November 23, 2016
By Silver Krieger
New York, NY – People from all over the world crowd into Radio City Music Hall each year to witness the shows that are staged at this venerable institution.
But who are the workers who make all this happen? LaborPress sat down with an indispensable man behind the scenes – Head Property Master Kenny McDonough, to learn about what goes into the staging of the spectacular events.
“I assemble custom crews for each specific production,” says McDonough. “The number of people working in each crew varies by number as well as specific attributes and skills. For our Christmas Show, for example, I might have sixteen people, for a concert I could go with four. We used sixty-five for the NFL Honor Show, and fifty for the Tony Awards. For our enormous trees, we need to use workers who aren’t afraid of heights, and to assemble the huge bus we use with the Rockettes, we’ll have guys that are mechanically inclined. So we need to get the right guy for the right job.”
McDonough has a long history of working on shows. “I started doing this thirty-five years ago in the South Bronx,” he says. “I started building for Broadway shows, as a Carpenter. I’ve been a Head Carpenter in two different Broadway houses – the Longacre and the Booth Theatres. I’m in the Local 1, the premier stagehand union of the International Alliance of Theatrical Stage Employees (I.A.T.S.E.), AFL-CIO. All the people in the crews I assemble are in Local 1 also – this includes Soundmen, Electricians, Carpenters, and others.”
McDonough has been with Radio City Music Hall for twenty-six years, and says that some productions have been particularly challenging. “For the MTV Awards, there is so much stuff in a little space – to get so many bands on and off, non-stop, is a challenge – there could be twenty different bands. And for America’s Got Talent, which is live, we have to do all the work during a commercial break. Also, with particular props, such as in our Christmas show, we use a bus onstage that weighs 15,000 pounds. It comes in separate parts and has to be assembled. It’s run by a computer, but we have a bus driver that sits in it who works a pedal that communicates with the computer. There are screens behind the bus onstage that show street scenes to simulate it being driven in a location, such as Fifth Avenue. That all has to be coordinated correctly.”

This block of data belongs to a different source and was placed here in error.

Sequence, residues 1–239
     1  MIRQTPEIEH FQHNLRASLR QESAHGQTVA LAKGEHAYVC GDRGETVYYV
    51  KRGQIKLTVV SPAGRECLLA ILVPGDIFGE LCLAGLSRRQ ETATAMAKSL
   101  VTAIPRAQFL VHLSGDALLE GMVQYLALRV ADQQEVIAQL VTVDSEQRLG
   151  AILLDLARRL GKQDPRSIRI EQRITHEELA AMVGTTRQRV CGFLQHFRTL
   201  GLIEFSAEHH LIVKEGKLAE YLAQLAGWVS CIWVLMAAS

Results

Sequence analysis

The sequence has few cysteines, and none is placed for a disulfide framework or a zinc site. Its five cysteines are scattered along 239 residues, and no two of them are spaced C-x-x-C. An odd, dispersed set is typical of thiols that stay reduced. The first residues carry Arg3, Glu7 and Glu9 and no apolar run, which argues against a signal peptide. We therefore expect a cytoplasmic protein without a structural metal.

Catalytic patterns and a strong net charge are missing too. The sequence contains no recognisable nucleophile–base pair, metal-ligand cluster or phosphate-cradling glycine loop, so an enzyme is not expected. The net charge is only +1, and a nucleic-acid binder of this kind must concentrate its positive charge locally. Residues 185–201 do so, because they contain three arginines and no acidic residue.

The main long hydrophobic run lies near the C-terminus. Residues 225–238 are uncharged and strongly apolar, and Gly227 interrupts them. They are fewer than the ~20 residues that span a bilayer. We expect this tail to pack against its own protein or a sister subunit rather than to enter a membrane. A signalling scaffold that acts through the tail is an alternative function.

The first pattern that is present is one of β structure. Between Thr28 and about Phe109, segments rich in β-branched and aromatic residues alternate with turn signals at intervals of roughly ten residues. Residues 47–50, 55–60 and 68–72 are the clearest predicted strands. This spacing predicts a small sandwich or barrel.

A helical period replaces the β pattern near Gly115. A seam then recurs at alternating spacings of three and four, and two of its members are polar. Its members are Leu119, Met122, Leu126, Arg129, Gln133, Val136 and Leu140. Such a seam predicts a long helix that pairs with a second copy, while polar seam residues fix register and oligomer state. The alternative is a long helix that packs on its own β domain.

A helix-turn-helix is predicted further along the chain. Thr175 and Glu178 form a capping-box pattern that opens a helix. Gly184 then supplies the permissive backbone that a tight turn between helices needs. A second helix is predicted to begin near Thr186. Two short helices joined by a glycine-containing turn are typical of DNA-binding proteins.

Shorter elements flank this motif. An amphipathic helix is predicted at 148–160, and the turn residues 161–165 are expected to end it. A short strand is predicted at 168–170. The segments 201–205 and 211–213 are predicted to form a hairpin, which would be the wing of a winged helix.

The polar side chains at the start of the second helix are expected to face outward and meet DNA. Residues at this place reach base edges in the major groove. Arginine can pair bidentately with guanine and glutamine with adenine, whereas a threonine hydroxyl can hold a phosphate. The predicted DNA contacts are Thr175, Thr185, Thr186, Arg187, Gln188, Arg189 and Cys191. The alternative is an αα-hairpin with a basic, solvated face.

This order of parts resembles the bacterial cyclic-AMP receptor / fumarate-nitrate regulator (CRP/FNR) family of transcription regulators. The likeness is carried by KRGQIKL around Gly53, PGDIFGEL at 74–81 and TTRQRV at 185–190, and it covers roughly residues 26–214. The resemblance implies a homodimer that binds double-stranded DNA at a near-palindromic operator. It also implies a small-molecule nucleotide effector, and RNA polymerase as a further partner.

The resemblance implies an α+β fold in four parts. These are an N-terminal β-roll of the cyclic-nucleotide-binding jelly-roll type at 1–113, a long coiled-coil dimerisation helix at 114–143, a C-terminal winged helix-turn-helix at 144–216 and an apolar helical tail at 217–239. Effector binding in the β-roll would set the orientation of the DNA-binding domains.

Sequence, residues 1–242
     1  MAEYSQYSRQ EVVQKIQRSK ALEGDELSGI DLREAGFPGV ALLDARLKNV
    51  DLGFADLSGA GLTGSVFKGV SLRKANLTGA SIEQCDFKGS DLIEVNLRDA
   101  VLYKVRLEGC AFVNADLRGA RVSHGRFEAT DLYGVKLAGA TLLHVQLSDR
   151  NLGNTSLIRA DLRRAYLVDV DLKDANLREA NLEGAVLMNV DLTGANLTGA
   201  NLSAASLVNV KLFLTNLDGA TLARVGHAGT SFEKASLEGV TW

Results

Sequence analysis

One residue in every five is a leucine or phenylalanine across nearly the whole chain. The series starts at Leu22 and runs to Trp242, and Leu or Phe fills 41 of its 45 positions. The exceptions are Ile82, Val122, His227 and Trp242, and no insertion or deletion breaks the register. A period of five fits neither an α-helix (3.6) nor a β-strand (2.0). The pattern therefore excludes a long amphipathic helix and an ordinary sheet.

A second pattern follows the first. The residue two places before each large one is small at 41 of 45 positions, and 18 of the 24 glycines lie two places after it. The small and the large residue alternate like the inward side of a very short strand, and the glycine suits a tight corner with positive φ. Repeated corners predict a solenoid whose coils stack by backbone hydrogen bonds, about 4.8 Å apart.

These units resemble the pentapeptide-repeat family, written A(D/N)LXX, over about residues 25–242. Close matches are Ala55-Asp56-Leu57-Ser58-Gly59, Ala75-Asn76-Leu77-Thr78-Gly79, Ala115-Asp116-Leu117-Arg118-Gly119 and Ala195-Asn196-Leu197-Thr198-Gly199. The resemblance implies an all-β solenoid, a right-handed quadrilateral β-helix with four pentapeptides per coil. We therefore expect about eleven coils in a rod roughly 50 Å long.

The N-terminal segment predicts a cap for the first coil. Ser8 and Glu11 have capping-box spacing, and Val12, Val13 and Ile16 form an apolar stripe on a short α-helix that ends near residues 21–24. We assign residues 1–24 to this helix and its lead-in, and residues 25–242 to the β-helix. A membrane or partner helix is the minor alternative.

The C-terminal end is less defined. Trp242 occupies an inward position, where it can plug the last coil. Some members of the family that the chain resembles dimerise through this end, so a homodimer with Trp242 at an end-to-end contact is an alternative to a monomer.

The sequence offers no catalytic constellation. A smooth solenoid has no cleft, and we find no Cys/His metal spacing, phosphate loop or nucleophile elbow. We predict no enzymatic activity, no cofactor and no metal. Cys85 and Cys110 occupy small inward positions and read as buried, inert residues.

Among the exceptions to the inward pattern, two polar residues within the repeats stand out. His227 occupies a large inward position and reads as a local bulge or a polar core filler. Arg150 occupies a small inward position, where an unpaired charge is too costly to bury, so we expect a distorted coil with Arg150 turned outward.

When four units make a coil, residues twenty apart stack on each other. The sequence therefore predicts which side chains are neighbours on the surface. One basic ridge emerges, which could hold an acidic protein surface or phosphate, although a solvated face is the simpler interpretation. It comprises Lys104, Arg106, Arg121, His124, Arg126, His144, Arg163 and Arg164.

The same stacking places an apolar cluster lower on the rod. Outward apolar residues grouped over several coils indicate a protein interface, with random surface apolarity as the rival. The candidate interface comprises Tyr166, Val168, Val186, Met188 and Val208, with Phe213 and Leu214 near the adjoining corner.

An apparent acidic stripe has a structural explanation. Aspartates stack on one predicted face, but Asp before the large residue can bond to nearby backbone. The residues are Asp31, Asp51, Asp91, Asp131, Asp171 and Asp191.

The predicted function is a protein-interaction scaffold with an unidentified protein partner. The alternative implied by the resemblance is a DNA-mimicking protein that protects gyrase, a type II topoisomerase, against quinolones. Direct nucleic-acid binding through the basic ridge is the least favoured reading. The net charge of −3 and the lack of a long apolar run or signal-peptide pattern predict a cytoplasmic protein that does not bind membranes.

Although many associate the venue with glamour, the reality of the job is many days and long hours. “We have long days. Many start at 8 a.m. and go ‘til 10 p.m. When we are doing Christmas shows there are seven day weeks. There are four shows a day Monday through Thursday, five shows Friday, and six shows on Saturday, where we are in at 7:30 a.m. and out by 11:30 p.m. There are five shows on Sunday.” Even holidays are crammed. “We do three shows on Christmas Eve, four shows on Christmas Day, and four shows on Thanksgiving.”
McDonough, however, has no complaints. “My family is used to it. My wife and I have been together since I was seventeen. And this place is great to work for, from management up top to the stage crew. We get the job done and they let us do what we need to do it. Mr. Clinton Neils, the General Manager, and Darlene Belle, the Head of Production, treat us very fairly. A good work ethic and attitude are what you really need in this job.”